Conspiracy theories about who killed Benazir Bhutto abound, which have only been further fuelled by Pervez Musharraf’s feeble attempts to downplay the obvious security lapse that took place. Official sources were quick to point the finger at al-Qaeda, and named Baitullah Mehsud, the leader of the recently constituted Tehrik-i-Taliban Pakistan, as the perpetrator behind the attack. Baitullah’s response was just as swift, with his spokesman denying any involvement, and adding for good measure that “tribal people have their own customs – we don’t strike women.”
This short statement raises a handful of interesting, and crucial, questions. First, one has to assume that the spokesman was referring to killing during a period of conflict or jihad, for the Taliban in Afghanistan (presumably the role models for the Pakistani Tehrik) had been known to carry out judicial executions of women. But what of the mass killings that are perpetrated as a result of suicide attacks that typically occur in crowded areas, for which the Taliban have at times taken credit? Extremist elements have been quick to label, and justify, such incidents as mere manifestations of jihad. But do the killers only target areas frequented by men? Or does the decree against the killing of women only refer to targeted killing – in that female casualties as ‘collateral damage’ are acceptable, but to target a woman for execution, even during a period of war, is not?
Interestingly, when citing the prohibition on killing of women, the Tehrik’s statement refers to tribal customs, as opposed to Islamic injunction. But this belief is nevertheless likely to have been derived from Islamic injunctions regarding what is referred to as jus in bello, or conduct in war. As such, in order to fully understand the Tehrik argument, these injunctions need to be analysed. Islamic diktat on jihad has often been misunderstood as a call to militancy for followers of the religion. The reality is more complex. First, ‘jihad’ need not refer only to actual armed conflict, but also to a moral struggle of any sort. To the extent that the term refers to conventional war, there are broadly three main conditions of jus ad bellum (just cause of war) in Islam: in cases of self-defence, to come to the aid of the oppressed or to fight for legitimate rights, and to put an end to tumult. The existence of these three conditions distinguish jihad from harb, the more commonly used Arabic term for war.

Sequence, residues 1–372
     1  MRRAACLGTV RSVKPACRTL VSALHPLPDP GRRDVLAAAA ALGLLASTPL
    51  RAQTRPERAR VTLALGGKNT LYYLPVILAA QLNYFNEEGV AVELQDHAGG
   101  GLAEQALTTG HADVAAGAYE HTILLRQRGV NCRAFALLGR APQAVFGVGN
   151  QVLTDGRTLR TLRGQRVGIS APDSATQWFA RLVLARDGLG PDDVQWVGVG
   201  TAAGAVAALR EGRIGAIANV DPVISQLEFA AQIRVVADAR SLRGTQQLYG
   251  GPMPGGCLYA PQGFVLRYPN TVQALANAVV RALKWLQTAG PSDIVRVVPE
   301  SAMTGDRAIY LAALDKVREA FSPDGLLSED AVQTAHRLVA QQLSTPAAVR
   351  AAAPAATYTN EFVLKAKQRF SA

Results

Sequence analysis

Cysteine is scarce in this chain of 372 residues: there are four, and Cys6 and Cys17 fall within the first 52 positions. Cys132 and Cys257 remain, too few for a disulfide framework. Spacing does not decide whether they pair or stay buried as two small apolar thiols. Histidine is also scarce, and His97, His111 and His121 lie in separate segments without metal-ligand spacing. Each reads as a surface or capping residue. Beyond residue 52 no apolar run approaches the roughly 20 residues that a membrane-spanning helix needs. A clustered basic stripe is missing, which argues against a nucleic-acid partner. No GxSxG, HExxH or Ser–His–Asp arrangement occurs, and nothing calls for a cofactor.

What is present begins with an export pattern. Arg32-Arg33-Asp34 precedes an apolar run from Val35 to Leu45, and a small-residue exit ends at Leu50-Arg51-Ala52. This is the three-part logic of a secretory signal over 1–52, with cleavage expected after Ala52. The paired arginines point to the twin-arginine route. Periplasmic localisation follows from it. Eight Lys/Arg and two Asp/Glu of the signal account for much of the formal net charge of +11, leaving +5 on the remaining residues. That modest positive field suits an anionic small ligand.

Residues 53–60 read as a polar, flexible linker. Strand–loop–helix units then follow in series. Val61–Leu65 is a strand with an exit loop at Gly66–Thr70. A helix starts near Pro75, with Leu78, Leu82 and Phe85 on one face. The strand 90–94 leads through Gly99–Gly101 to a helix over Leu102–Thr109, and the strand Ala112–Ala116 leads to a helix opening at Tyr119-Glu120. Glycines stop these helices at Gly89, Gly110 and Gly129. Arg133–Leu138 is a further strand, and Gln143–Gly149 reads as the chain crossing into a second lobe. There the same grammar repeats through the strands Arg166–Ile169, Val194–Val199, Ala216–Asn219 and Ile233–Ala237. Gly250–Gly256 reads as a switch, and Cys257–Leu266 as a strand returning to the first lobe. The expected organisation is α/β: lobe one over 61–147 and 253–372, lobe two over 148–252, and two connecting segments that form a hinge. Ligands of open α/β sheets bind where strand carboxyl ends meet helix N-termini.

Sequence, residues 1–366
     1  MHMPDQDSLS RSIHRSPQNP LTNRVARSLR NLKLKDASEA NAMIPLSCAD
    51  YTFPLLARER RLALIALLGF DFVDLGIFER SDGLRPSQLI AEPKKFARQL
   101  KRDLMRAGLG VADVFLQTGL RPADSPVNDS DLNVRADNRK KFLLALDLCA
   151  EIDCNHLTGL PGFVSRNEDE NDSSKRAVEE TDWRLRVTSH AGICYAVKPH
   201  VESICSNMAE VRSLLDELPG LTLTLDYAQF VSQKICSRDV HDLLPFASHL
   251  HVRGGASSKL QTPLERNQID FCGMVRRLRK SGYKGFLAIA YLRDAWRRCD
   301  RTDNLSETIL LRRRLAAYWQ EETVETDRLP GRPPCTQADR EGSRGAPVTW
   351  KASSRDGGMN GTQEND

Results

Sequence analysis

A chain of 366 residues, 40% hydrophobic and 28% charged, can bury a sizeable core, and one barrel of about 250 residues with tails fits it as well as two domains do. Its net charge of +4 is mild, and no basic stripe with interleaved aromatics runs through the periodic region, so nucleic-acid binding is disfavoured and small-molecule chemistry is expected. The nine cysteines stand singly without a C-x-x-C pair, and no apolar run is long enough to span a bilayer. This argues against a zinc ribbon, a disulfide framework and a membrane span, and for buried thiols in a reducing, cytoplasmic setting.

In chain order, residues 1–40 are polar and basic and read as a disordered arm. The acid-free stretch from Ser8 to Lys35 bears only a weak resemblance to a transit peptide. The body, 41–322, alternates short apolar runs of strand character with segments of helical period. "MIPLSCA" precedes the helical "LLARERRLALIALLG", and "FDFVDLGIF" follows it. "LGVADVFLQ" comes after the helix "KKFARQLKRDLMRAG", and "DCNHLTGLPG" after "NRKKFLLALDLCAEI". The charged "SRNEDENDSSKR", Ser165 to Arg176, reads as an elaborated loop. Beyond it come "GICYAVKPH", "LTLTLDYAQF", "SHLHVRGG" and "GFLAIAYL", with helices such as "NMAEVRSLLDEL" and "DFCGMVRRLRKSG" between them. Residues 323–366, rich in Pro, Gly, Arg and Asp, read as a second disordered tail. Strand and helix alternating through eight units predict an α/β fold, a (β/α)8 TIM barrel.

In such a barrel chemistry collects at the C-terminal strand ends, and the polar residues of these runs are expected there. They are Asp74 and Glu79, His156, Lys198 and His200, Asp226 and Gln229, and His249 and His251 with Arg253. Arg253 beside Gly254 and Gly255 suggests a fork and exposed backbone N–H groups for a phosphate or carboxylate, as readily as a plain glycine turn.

With regard to the conduct of jihad, the Koran speaks of not ‘transgressing limits’. These limits were identified by the actions and pronouncements of the Prophet Mohammad, and included injunctions not to act treacherously, not to cut down trees, and, most importantly, not to kill children, old men or women. The treatise of the 8th-century jurist al-Shaybani is still more detailed in interpreting the injunctions of Mohammad, and explicitly states that the prophet prohibited the killing of women and minors during times of warfare. This tradition is particularly interesting given that, during Mohammad’s time, women (whether Muslim or non-Muslim) were, even if not direct combatants, intricately involved in war efforts in terms of running supply lines and providing nursing care. Yet the injunction on the protection of women (as well as minors but also the elderly) in times of war is unequivocal.
The rules of waging jihad were formulated with conventional warfare in mind. There is little support in the Islamic tradition for what today is referred to as ‘irregular’ warfare, or conflicts waged outside the writ of recognised governments. Muslim jurists first dealt with the issue of irregular warfare during rebellions under the reigns of the third and fourth caliphs, and this discussion was in the context of a revolt against an Islamic state. The code of conduct for dealing with such upheaval, and with the rebels themselves, is referred to as the Ahkam al-Bughat (or rules), which stresses reconciliation between the two parties. The emphasis is on restoring social order, as well as avoiding strife.
As such, in the context of Islamic tradition, the Tehrik-i-Taliban’s statement is correct – the killing of women is indeed prohibited in Islam. But in fact, this prohibition goes significantly farther, applying not just to assassinations but also to the targeting of non-combatants in general. Furthermore, there is no concept of jihad amongst Muslims, at least insofar as it is generally conceived; and armed warfare, when it is waged against others, must be undertaken only in specific circumstances. There has been enough bloodshed in the name of religion and tribal honour. If outfits such as the Tehrik can recognise and acknowledge one facet of Islamic teaching on the conduct of war, surely the remaining principles must also be relevant?
~ Safia Aftab is affiliated with Strategic and Economic Policy Research, in Islamabad.